Travellers can find information regarding their journey and connections on a larger number of new monitors on the train. One particularly important feature is the provision of real-time information thanks to the use of a radio link to DB’s centralised passenger information system (RIS). A total of 2,542 monitors are installed altogether. The LAN network on the train was also set up from scratch to provide passengers access to much higher bandwidth in conjunction with the very latest Wi-Fi technology. In the boarding and alighting areas, the monitors have been fitted for the first time in portrait format, making the connecting trains much easier to read.
The redesign also provides the trains with a stylish dining car that seats 20. In the past, trains simply had an on-board bistro. The galley, bistro counter and standing area in the bistro have also been extensively revamped and all the kitchen appliances have been replaced.
The parent-and-child compartment has been completely redesigned. It now features a colourful design with more space. A wall game, a table top game featuring hidden objects and a colourful carpet make the compartment child-friendly and attractive.
Wheelchair users now have two spaces per train with height adjustable tables – prior to the design change they had just one. People with impaired vision can now find their way around the train more easily by means of the new tactile wayfinding system.
Interior comfort: For passengers, train drivers and on-board staff
Approximately 35,000m2 of carpet are being replaced. Furthermore, halogen lighting is being substituted with LEDs and there is an additional LED lighting strip above the luggage rack.
The train drivers and service staff members on board also benefit from the new features. The driver, for example, has a new seat, additional power sockets and an improved sun visor, while a new break room with additional lockers now offers on-board staff more space.
A complete exterior paint finish rounds off the redesign.
How are the trains being converted?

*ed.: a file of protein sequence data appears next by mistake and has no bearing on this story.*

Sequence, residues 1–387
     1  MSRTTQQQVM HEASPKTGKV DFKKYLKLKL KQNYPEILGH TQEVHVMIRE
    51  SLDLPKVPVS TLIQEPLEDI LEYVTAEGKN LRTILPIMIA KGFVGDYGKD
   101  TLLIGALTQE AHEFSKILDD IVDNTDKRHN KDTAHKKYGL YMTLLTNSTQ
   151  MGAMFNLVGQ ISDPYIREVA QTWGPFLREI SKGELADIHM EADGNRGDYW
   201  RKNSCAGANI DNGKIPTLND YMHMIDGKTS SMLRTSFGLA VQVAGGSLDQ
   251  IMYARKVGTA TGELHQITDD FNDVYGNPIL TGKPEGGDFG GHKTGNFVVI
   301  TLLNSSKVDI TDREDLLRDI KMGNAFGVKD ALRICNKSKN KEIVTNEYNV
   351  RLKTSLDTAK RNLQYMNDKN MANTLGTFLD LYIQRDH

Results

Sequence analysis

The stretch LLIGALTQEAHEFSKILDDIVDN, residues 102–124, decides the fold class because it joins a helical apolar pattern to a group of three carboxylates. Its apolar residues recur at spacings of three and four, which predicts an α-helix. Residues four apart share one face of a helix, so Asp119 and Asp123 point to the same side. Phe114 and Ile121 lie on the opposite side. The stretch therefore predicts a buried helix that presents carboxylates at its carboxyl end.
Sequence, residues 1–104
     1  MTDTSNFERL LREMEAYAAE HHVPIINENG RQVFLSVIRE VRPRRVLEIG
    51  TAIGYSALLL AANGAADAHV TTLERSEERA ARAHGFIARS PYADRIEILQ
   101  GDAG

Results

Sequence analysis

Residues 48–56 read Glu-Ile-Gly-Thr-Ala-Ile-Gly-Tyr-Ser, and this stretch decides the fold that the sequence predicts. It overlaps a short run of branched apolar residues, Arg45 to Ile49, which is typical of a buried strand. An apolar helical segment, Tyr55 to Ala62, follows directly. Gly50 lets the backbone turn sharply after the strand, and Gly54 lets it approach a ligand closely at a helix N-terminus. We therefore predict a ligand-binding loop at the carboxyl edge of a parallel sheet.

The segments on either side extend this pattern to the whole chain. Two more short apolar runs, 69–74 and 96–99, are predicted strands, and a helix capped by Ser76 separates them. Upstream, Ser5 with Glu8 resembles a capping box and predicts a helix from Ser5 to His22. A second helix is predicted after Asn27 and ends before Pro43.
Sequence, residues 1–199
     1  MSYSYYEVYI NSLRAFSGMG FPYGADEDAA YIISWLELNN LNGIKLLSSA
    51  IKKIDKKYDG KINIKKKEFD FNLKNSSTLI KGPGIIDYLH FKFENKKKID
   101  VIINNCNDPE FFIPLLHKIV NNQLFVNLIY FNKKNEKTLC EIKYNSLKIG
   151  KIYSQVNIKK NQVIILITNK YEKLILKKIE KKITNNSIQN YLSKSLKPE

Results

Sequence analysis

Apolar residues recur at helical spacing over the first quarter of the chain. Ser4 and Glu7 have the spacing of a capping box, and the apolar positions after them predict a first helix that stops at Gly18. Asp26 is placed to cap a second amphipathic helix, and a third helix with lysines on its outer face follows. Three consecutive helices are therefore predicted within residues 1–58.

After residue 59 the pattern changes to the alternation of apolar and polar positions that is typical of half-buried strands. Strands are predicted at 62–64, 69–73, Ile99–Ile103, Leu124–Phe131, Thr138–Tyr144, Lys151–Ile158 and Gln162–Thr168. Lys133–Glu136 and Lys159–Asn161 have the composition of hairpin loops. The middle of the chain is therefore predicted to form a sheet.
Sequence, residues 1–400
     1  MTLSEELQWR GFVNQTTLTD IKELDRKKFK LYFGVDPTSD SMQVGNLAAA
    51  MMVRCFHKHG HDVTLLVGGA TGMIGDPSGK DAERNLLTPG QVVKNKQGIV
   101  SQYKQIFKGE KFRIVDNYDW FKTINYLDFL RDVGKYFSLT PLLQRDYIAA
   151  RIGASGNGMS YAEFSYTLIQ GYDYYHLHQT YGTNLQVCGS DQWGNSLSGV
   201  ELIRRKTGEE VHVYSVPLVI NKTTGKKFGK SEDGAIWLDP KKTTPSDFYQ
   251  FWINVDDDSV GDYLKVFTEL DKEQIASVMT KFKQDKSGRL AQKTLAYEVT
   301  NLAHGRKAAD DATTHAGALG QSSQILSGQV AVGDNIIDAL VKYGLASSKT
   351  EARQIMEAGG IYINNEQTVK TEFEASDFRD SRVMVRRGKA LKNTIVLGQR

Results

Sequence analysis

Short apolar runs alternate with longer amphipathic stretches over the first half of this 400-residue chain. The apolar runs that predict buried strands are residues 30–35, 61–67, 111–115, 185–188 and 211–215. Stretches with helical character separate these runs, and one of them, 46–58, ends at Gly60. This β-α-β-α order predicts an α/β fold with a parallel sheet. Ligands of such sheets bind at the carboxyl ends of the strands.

DB Fernverkehr has contracted DB Fahrzeuginstandhaltung to modernise the ICE 3 fleet. Planning started back in 2013, with the first train completed in 2016 and tested for the approval of the ETCS which was completed in August 2017. Series modernisation got underway in October 2016 and ten trains will already have been fully modernised by October 2017. The redesign of the remaining high-speed trains should be completed by the end of 2020. In the Nuremberg maintenance depot, two trains are being upgraded in parallel. The 16 Class 406 trains will be upgraded in the Krefeld maintenance depot from April 2018 and around 150 employees are involved in the redesign. The conversion is being carried out in Nuremberg in 8,500 work steps and in three shifts in each case. It involves separating the coaches from each other, gutting them, installing new systems and interior equipment, painting, testing, before being deemed ready. This all happens in approximately nine weeks and Deutsche Bahn is investing around €210 million in the overall redesign.
Where will the modernised trains be used?
The trains will be used on all lines on which the ICE 3 already runs; for instance, between Munich and Dortmund, or Essen via Nuremberg, or Stuttgart and Frankfurt Airport, respectively. Since the ICE 3 fleet will now also be fitted with ETCS, the trains will be able to run on the new Berlin–Munich high-speed line from December 2017. Modernised multiple units in the ICE Sprinter guise will then connect the two regional capitals three times a day in just under four hours.
The redesign is part of the ‘Zukunft Bahn’ quality programme launched in 2016, which aims to make Deutsche Bahn services more reliable, comfortable and enjoyable for customers.